Virus impact over each market - telecom operators, government agencies and regulators' responses - revised forecasts for the next 5 years.
Last updated: 13 Apr 2016 Update History
Report Status: Archived
Report Pages: 153
Lead Analyst: Paul Budde
Contributing Analyst: Kylie Wansink
This report provides overviews and critical statistical information on the electricity market, as well as detailed information on smart grid, smart meter projects and the key players in this market. It covers the areas where smart grids are going to play an important role such as in the developments in PV (Solar Energy) and smart cars as well as their implications on national infrastructure. Special chapters are dedicated to smart technologies for energy efficiency which depends on having the correct data (big data) from various sources analysed in real time for instant decision making processes. The report also discusses Machine-to-Machine (M2M) communication which is rapidly becoming a key element of smart grids.
Researchers:- Paul Budde, Kylie Wansink
Current publication date:- April 2016 (12th Edition)
There certainly is a lot of interest in the M2M (machine-to-machine) and internet of things (IoT) market in 2016; but we are only seeing what is happening on the surface.
Most of the M2M and IoT activities are taking place unnoticed. For example, all new electronic devices are now IoT devices. Tens of millions of smart meters have already been deployed by the electricity industry, with literally hundreds of millions of them in the pipeline. Healthcare is another key industry. All new hospitals now operate large-scale M2M operations, tracking their equipment with real-time information. Most local governments have invested massively in mapping their assets and this is now being followed up by adding connectivity to these assets – whether it be streetlamps, drainage, sewerage or trees, all are in the process of becoming part of a smart city.
The other critical element for the future of utilities infrastructure is to use the networks with all of the M2M devices connected to it in such a way that it collects the data from these devices, processes that data, and then delivers executable real-time analyses to the users of the M2M services. This development is also known as big data.
Despite the potential advantages of big data, there are still major concerns surrounding privacy. The big data that is floating around somewhere in clouds is becoming increasingly critical to business operations, but very few companies have a good understanding of where their data is at any given time. As well as this, the enormous amount of data that is now collected is placing a real strain on the tools that are used to analyse that data.
Furthermore, there is no doubt that we are in the midst of an energy revolution. Not only is the nature of energy changing from fossil-generated to renewable energy, a complete change is taking place in the distribution structure, with less focus on centralisation and more on distributed energy. Concerns about issues such as energy security, environmental sustainability, and economic competitiveness are triggering a shift in energy policy, technology and consumer focus. This, in turn, is making it necessary to move on from the traditional energy business models.
By making the electricity grid ‘intelligent’ and adding telecoms to it, the power will eventually shift – away from the electricity companies and to the customers, who will be able to control their energy consumption through smart grids and smart meters with interactive sensors, M2M and IoT devices.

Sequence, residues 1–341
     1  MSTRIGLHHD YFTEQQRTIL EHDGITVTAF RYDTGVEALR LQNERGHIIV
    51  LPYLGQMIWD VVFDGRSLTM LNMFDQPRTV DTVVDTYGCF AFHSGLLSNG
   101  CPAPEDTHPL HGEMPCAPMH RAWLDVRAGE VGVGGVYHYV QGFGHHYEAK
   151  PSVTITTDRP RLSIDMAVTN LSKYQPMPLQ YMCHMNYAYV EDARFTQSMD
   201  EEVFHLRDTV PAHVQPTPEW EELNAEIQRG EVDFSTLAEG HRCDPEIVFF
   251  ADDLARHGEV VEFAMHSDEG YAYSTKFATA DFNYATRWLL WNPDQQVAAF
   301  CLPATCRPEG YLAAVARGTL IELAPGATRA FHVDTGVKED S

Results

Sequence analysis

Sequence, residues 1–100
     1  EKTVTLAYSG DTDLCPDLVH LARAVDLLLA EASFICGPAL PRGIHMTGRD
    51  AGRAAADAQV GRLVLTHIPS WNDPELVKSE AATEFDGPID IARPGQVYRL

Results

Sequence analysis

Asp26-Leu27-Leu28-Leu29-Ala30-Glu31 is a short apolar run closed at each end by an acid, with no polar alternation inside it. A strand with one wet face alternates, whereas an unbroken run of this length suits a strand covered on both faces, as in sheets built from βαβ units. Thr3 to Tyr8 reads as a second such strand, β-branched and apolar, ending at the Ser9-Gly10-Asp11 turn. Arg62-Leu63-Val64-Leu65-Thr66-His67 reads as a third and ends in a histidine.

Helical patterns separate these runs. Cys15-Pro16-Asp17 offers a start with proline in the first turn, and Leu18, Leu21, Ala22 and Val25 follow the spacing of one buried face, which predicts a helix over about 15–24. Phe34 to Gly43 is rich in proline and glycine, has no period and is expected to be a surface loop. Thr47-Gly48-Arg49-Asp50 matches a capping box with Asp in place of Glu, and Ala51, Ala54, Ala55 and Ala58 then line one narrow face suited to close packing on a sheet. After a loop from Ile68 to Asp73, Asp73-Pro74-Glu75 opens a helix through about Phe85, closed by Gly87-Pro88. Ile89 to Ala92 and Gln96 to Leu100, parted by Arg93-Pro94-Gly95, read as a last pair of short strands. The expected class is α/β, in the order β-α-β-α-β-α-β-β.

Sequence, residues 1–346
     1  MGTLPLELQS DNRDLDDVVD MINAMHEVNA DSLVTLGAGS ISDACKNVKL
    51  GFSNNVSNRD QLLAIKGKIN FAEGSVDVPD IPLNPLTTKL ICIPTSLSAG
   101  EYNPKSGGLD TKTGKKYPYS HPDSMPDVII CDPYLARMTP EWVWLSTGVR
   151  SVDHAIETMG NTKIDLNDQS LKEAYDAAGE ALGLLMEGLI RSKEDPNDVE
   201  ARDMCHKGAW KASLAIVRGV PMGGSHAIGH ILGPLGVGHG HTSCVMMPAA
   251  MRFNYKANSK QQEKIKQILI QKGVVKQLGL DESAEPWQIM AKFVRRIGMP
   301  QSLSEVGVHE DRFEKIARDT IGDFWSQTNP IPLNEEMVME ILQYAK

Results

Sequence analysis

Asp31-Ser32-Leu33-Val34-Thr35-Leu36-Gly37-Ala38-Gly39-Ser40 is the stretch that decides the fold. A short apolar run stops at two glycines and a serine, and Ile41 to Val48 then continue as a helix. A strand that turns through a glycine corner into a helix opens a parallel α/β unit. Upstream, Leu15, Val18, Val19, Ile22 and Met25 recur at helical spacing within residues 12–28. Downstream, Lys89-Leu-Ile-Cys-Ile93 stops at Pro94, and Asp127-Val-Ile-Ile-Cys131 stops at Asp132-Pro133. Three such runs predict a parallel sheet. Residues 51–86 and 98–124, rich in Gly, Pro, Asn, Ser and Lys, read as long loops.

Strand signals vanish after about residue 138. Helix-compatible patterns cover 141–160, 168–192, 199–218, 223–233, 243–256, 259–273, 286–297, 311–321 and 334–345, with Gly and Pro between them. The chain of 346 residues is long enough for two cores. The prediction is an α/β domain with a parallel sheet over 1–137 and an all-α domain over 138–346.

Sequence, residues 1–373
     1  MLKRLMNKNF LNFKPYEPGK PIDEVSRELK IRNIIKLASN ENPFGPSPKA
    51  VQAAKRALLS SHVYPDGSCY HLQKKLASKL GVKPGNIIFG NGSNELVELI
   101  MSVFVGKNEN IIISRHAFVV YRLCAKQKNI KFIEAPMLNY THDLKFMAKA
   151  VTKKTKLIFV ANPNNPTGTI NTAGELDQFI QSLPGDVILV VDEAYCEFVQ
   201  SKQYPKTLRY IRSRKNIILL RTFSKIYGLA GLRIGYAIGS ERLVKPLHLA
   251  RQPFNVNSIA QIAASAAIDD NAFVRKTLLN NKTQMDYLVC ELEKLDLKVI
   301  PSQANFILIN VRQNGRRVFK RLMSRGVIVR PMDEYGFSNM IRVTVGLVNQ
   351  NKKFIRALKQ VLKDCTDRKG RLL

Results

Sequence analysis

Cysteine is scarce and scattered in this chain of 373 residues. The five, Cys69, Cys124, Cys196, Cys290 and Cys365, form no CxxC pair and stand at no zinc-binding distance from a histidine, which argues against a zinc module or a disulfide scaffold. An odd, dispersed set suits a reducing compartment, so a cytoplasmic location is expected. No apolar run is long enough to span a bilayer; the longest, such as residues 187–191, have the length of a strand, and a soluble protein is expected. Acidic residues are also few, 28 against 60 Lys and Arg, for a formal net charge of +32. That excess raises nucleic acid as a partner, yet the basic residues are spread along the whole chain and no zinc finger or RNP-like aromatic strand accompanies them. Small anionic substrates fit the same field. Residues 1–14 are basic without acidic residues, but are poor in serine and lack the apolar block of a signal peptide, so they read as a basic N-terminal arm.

‘Smart’ means communication, and since many countries are addressing the need for broadband networks the smart thing to do would be to roll out fast broadband infrastructure in combination with smart grids and, wherever applicable, other smart infrastructure. In that way, energy efficiency measures can be implemented throughout society and throughout the economy (buildings, transport, cities) with a minimum of extra infrastructure, as a trans-sector approach is based on sharing the infrastructure.
Unfortunately, one of the major obstacles to smart grid uptake continues to be the lack of good government policies. With all the knowledge we now have, it would be criminal if this generation were to allow vested interests to prevent us from developing trans-sector policies and holistic initiatives to address energy and environmental concerns. We need to break down those silos and force cooperation between the sectors wherever possible.
There is also a shift away from the traditional centralised energy systems to more distributed models and in this respect we see real leadership coming from local councils and local communities. The smart city movement could well take over where federal and state policies are failing.
As you know, I have resigned from the Labor Ministry and have decided not to re-contest the seat of Charlton at the next election – both for personal reasons.
Before leaving Parliament, I particularly wish to record my thanks to you for your generous and constructive participation in the deliberations that generated significant economic policy reforms for the Australian community. Continuous economic transformation is a key challenge that faces all Governments.
The development of sound public policy should always be contestable. Ultimately, good and equitable outcomes are not concessions to any particular interest group, but the careful balancing of interests to create the greatest possible benefit for the nation. You have contributed to that, and I sincerely thank you for it.
Greg Combet, Former Minister for Climate Change, Industry and Innovation
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